Queensland Judgments
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Brisbane Youth Service Inc v Beven

Unreported Citation:

[2017] QCA 211


The court of appeal considered the liability of the employer of a social worker who suffered psychiatric injury after being sexually assaulted by a client (T) of the appellant. The appellant employer knew that T had a history of making sexual advances towards members of the appellant’s staff and that T had mental health and drug issues that were beyond the scope of the services offered by the appellant. In dismissing the appeal, the court rejected the suggestion that by agreeing to work with T, the social worker agreed to accept the risk of personal injury.  Further, the majority of the court also agreed with the trial judge that in the circumstances of this case, the appellant breached its duty of care to the social worker by continuing to offer services to T. 

Sofronoff P and Gotterson and McMurdo JJA

22 September 2017

The appellant, Brisbane Youth Service Inc, provides a range of professional services to disadvantaged young people in Brisbane, relevantly “people who have low incomes, family histories of abuse, experiences of detention and mental illness”. [183]. The respondent, an employee of the appellant, began to provide services to T in October 2010. [188]. T had, at this time, been the appellant’s client for 18 months. [189]. T had a history of making sexual advances towards members of the appellant’s staff.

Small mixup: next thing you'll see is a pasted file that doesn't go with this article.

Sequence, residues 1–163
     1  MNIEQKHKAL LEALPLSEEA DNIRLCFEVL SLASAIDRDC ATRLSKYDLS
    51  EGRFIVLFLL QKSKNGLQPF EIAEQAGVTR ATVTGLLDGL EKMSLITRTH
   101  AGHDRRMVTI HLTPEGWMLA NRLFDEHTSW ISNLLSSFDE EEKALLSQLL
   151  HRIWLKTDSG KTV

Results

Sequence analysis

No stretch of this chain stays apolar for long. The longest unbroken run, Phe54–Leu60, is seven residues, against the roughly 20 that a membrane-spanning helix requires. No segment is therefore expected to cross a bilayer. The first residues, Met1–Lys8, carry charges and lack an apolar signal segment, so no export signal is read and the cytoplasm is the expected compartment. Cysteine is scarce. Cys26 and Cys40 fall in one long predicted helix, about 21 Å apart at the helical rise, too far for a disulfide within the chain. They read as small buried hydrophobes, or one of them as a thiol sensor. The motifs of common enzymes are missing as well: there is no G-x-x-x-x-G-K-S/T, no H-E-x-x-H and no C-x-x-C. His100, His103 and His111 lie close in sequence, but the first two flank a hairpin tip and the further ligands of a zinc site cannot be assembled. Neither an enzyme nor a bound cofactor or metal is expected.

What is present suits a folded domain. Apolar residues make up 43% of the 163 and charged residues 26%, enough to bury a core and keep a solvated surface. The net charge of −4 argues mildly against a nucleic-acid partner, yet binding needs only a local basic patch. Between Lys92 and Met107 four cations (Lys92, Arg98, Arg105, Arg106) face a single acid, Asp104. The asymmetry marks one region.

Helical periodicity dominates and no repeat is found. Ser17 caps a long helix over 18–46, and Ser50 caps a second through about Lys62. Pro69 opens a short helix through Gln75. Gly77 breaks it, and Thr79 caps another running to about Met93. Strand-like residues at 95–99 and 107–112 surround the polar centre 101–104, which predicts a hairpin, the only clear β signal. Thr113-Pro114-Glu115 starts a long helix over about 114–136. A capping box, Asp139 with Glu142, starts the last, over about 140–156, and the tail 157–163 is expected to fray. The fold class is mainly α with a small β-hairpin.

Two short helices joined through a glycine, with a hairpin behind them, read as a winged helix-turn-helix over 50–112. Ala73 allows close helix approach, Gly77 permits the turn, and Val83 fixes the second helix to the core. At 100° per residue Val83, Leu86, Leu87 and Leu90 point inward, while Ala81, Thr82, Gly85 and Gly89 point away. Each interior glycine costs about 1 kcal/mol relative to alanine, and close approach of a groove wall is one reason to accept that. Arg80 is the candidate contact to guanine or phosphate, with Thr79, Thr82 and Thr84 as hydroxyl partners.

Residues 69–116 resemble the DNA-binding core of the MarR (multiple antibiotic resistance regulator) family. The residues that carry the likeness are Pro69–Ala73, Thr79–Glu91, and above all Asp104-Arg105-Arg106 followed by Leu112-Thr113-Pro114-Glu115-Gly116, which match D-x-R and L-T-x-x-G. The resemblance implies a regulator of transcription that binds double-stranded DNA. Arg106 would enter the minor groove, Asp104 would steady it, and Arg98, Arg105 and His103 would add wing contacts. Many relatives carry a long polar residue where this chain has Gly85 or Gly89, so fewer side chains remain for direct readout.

In April 2011, the respondent attended a meeting with T, her lawyer, her mother, her nephew, and two representatives of the Department of Communities (Child Safety Services) to discuss arrangements for T’s contact with her children. [208]. During the meeting T began to move her foot up the respondent’s leg and caressed the respondent’s genitalia on the outside of her underwear with her toes. [208]. The respondent moved her chair but this occurred again. [208]. The respondent told her to stop which was followed by verbal abuse from T. [208].

Following this incident, the respondent suffered psychiatric injury. [210]. The incident aggravated a pre-existing condition. [211]. Consequently, the respondent was unable to work and became suicidal, and her illness caused the breakup of her marriage. [211].

The primary judge found that a duty of care was owed and that it had been breached (satisfying the requirements of s 305B of the Workers’ Compensation and Rehabilitation Act 2003).  The appeal to the Queensland Court of Appeal was dismissed (Sofronoff P with whom Gotterson JA agreed, McMurdo JA dissenting).

The President proceeded upon the footing that “the respondent’s case was that the appellant was negligent in allowing, permitting or requiring her to provide any services at all to T”. [113]. His Honour also noted that part of the appellant’s response to the respondent’s claim was “that the risks attended upon working with T were inherent in the respondent’s occupation as a social worker”. [133]. Although the appellant did not rely upon the doctrine of volenti non fit injuria as a defence, “parts of the appellant’s pleaded case raise[d] allegations which [were] alluringly close to a plea of volens”. [138]. His Honour said: